As someone who greatly enjoys travelling, the US has always been on my bucket list and the best way to fulfill this dream was to live and work in New York City.
Every street and corner of New York breathes life – whether it’s Downtown’s shining skyscrapers, a small corner bar in the East Village, the frenzy of Brooklyn’s House of Yes or the summer food markets of Williamsburg. There is an unexplainable energy that pulses through New York’s air, which is very much different from Singapore, my home.
Although I come from a fairly cosmopolitan city, I was pleasantly surprised to discover how New York is even closer to a microcosm of the world. I have crossed paths with people from countries I’ve only seen on maps, such as Sierra Leone, Botswana, Uzbekistan and Kazakhstan. I had the opportunity to experience the city’s dynamic culinary scene – from an authentic Italian kitchen to experimental cultural fusions – to its constantly evolving artistic landscape, with the glamour of Broadway and many emerging artists eager to share their voice. Many of those I’ve met along the way have inspired me by their passion for their dreams, or for their drive to create a better life for themselves and their loved ones. Ultimately, the story of human ambition and dreams, in all shapes and forms, is universal across all the people I have met, whether in Asia or the West.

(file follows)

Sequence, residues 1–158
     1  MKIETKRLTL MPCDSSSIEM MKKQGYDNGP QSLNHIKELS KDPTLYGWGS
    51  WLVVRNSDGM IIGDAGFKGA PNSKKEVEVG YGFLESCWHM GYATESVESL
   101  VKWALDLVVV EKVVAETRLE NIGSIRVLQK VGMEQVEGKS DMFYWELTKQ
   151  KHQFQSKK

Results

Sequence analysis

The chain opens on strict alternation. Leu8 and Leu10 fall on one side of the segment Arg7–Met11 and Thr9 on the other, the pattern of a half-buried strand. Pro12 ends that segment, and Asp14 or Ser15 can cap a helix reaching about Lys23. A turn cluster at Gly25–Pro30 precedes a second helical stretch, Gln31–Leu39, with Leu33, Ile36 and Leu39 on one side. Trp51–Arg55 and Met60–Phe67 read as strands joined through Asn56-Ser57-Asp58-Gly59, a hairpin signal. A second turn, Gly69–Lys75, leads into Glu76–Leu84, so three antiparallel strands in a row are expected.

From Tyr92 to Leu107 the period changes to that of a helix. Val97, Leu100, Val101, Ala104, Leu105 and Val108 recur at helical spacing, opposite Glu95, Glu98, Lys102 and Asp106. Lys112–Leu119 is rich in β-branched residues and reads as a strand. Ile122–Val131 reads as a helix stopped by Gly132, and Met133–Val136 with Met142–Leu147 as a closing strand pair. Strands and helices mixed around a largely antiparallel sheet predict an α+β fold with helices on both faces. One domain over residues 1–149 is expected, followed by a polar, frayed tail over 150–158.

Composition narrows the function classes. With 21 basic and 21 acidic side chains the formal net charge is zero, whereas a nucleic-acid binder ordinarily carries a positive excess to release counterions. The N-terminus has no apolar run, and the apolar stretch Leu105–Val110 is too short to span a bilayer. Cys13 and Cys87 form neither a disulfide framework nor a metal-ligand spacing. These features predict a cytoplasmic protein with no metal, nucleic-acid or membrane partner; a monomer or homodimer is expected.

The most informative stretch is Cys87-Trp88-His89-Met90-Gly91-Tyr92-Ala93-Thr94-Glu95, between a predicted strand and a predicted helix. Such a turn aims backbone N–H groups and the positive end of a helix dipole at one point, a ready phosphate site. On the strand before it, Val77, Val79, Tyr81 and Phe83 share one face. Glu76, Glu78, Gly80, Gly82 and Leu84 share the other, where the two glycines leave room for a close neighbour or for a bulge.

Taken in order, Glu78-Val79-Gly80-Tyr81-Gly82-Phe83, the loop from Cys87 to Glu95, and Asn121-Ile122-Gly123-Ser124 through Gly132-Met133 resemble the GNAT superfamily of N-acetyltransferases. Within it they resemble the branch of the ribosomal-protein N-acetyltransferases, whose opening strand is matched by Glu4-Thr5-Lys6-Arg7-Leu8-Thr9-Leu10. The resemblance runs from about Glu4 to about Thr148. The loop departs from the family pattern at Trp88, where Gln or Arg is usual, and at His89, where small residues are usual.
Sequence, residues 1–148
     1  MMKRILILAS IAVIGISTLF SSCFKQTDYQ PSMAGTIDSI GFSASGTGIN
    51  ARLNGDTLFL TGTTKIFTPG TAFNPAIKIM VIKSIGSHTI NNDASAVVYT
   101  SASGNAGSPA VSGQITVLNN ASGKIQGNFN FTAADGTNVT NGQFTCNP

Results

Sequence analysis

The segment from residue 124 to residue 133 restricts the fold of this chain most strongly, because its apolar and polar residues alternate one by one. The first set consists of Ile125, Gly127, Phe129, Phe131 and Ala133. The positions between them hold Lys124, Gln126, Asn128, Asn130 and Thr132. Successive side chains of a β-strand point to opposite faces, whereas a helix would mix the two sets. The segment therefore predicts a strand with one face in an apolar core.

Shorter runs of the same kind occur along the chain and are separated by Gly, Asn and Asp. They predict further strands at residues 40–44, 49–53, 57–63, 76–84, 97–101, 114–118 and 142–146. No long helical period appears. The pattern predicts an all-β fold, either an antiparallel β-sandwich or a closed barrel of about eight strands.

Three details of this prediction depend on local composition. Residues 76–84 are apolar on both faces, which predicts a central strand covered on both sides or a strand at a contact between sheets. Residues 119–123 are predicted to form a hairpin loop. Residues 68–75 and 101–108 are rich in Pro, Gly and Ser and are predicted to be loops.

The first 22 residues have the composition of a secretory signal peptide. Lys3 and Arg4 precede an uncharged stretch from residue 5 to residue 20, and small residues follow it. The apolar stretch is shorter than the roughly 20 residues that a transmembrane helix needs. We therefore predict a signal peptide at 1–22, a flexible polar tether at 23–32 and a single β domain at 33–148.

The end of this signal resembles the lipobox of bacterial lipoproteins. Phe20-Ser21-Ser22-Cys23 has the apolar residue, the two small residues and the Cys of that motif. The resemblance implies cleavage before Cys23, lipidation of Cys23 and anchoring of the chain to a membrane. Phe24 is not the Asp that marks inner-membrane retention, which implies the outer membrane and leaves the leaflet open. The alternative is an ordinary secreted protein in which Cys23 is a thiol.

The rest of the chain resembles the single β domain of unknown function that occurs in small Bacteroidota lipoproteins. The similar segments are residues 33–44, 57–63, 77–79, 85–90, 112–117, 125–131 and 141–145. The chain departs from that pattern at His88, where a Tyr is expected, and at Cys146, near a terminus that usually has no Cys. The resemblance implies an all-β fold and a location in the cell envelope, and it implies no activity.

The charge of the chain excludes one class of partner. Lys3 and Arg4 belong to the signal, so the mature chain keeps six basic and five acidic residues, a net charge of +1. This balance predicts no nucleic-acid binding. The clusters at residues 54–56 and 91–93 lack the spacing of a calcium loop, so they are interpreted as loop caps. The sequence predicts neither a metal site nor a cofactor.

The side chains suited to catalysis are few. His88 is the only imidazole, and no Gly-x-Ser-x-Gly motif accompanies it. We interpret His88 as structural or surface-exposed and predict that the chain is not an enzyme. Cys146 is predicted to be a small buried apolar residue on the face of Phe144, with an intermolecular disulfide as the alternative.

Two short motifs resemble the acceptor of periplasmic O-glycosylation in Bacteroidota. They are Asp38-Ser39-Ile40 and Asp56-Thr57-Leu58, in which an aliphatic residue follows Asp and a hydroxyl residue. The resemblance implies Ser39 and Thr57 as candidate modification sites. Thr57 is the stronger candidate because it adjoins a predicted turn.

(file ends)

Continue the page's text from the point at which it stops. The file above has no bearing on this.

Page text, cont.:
Just as New York opened my eyes to the world, it also brought me closer to my culture and my home. Walking through the narrow streets of Chinatown (whether in Manhattan or Flushing), I saw the familiar taken to new extremes. Every stroll down the aisle was an education in itself – the dizzying array of noodles and sauces – and encountering those of Asian descent made me learn more and feel more deeply connected to my region.
As I learned to see through others’ eyes, I also shared the things close to my heart – a warm bowl of watery jasmine rice in the morning, the smattering of English, Mandarin and other dialects we use in Singlish, the lingering umami of soy sauce, and the comforting flavors of tofu and fresh fish paste. For example, I’ve always used a spoon and fork to dine instead of a fork and knife, which I’ve discovered is a very Singaporean dining behavior.
It’s still a thrill to explain that how my country is all but one city with a balmy, humid summer all year round where it’s normal to stroll around in flip flops. At the same time, through the many questions I get asked, I’ve also learned much more about the place where I grew up.
It’s been six months since I’ve moved to one of the world’s greatest cities and it’s been transformational – discovering not only the world, but also myself.
Wen Yun Tan
Senior Business Analyst
Wen Yun is a Senior Business Analyst with the Singapore office, with a background in Sociology and Marketing. She loves reading (most recent read: Emotional Agility by Susan David), fashion, travel, good food, and great company!.